“Have you a place in your Community for a girl like me?” with this question Hilda McAndrews began her letter of inquiry addressed to the “Reverend Sister of Novices” at Heathfield. We did, indeed, have a place for her! In fact, she fitted in very well, having in good measure our charism of compassionate service, with supporting elements of joy and hospitality. It would have been greatly our loss if she had not come.
Hilda, daughter of Michael McAndrews and Anastasia White, was born July 28, 1924, on a farm near beautiful Westport, Ontario. She had two sisters and six brothers, but two of the latter died as children. One other brother predeceased her by some ten years.
Her elementary and high school education was completed at St. Edward’s School, Westport, under the watchful eye of the Sisters of the Congregation of Notre Dame. In 1943 she graduated from Ottawa Normal School, but it was an event marked by some sadness for during that year she had suffered the tragic, sudden loss of her father.
Hilda took her first teaching position at S.S. # 19 Hungerford. During the three years she was there the family farm was sold and her mother moved into the village of Westport.
Seeing that her mother was now comfortably settled, Hilda felt free to investigate the call she had been hearing from the Lord to her heart. She had endeared herself to the people of the area where she was teaching; so when she got an encouraging answer to her letter of inquiry, she waited until the fall to come to Kingston, rather than enter in the middle of a school year and perhaps leave the school without a qualified teacher.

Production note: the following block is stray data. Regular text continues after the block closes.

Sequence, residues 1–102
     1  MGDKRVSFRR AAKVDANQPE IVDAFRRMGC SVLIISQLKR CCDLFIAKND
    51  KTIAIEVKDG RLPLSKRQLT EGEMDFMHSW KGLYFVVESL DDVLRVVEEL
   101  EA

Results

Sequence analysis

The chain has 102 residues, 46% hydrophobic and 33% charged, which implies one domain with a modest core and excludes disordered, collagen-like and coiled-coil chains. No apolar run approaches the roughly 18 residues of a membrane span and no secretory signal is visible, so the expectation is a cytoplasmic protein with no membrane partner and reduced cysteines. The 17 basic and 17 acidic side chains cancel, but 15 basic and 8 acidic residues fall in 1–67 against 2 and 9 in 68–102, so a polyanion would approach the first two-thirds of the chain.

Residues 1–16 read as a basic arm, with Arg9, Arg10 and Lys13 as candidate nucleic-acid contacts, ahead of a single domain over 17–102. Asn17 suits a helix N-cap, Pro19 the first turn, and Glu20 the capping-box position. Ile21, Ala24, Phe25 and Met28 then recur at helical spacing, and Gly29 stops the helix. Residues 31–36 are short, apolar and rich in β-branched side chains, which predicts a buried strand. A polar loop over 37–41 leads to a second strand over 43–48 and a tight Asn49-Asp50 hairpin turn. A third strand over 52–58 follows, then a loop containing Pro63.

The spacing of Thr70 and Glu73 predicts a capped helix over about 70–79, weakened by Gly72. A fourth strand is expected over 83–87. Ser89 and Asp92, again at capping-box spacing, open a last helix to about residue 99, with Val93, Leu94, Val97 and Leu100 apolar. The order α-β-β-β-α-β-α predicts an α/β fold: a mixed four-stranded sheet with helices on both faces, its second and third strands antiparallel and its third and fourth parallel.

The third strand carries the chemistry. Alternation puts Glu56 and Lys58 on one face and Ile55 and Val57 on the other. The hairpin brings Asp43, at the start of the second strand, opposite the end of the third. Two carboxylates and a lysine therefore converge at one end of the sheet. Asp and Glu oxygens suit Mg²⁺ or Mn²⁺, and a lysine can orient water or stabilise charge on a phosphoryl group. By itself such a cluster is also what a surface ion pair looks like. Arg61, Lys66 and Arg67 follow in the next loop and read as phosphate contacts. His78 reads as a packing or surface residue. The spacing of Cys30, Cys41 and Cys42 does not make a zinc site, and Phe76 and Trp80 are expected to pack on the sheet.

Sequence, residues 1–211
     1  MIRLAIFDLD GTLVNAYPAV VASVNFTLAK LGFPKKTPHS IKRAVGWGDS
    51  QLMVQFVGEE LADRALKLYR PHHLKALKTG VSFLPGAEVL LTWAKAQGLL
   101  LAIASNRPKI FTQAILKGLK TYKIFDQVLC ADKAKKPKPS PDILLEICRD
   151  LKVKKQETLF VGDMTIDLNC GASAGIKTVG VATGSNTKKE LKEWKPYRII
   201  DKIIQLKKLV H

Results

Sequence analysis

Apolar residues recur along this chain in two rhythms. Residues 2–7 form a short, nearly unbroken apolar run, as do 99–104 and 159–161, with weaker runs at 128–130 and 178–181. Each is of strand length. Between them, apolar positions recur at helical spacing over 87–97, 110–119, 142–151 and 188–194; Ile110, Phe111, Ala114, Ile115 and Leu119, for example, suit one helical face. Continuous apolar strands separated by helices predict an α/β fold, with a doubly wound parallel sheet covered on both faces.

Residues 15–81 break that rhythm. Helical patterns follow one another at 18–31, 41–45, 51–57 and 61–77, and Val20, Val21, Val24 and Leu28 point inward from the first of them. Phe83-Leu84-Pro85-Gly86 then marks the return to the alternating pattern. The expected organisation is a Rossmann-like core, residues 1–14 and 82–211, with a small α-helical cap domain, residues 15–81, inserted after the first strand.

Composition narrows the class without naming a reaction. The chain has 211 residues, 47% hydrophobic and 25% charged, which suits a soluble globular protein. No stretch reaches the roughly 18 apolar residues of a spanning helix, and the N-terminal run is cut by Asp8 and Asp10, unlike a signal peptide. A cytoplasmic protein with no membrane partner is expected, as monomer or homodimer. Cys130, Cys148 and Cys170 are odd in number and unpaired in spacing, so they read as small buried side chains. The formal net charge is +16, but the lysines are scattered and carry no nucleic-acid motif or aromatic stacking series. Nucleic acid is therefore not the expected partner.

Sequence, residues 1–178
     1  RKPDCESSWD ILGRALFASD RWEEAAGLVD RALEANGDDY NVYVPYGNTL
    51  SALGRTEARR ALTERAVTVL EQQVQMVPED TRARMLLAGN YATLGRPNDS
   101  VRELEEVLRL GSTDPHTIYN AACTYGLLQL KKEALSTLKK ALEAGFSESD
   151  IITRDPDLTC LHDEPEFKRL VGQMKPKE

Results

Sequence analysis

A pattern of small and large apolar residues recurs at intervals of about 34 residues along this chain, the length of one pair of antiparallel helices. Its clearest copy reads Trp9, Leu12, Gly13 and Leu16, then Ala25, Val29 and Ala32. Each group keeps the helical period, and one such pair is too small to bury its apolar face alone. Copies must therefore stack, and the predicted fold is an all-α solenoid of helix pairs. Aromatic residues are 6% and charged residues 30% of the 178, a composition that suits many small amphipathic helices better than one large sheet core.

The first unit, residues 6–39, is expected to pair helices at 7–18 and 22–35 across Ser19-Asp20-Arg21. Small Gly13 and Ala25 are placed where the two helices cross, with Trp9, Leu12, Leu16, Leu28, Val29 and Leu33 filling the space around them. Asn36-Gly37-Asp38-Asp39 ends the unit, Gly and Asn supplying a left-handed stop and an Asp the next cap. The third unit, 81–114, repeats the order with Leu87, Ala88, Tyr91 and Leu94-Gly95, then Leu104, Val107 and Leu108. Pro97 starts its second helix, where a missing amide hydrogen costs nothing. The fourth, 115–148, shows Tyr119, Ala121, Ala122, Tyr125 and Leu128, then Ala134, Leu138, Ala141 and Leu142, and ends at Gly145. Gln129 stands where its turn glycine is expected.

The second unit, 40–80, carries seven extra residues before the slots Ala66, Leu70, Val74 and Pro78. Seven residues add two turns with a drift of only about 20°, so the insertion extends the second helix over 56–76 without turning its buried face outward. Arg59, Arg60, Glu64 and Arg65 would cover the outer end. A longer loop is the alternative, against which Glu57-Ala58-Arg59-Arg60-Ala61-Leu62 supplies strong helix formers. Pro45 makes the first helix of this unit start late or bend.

On August 15, 1946, Hilda, later to be known as Sr. Mary Loretta McAndrews, began her religious life. At some periods during her years of training and during temporary profession, she taught in the schools of Kingston and Chesterville. After final profession, she was missioned to Smiths Falls and lived there for the next sixteen years. During that period, in 1956, with momentum provided by Msgr. J.J. Fogarty, high school classes were initiated at St. Francis School. With Sr. M. Bernard (now Sr. Rose Collins) Sr. Loretta shared the heavy burden of teaching many subjects in those first years, but her preferred areas were geography, Latin and English. While at Smiths Falls, Sister completed her B.A. degree from Ottawa University through summer sessions. When the Sisters engaged in teaching moved from St. Francis Hospital to St. Francis Convent in the converted town Post Office, in 1966, Sr. Loretta was still with them, but in the fall of 1967 she was transferred to Perth as principal of St. John’s School.
During her ten year tenure in Perth, Sister Loretta was ever anxious for the growth of the school and its students. She did all she could to secure good teachers, and, skilled in organization, she was able to get the best from her staff. She saw that courses were attractive and truly helpful, making use of electives, the rotary system and auxiliary classes. Often she taught slow learners in her office. To up-grade her own knowledge, while in Perth, she earned her High School Assistant’s certificate, her Elementary School Principal’s certificate and certificates in Guidance, Learning Materials and Family Life. To improve facilities, she led the way in adding to the school in 1971 a library, gymnasium and science room as well as three more classrooms.
It was during this time period that the Ontario government introduced greater freedom in the choice of courses for High School students, and so there were very lean years in St. John’s Grade 9 and 10 rooms when students went in greater numbers to the local public high school to avail themselves of the options. Sr. Loretta worked closely with all the parents to help them guide their children into the educational situation that would best provide for their needs and talents, having a concern for their souls as well as their minds. Today the enrollment at the school is higher than ever, and the flourishing Grade 9 and 10 set-up is being studied by other separate school boards.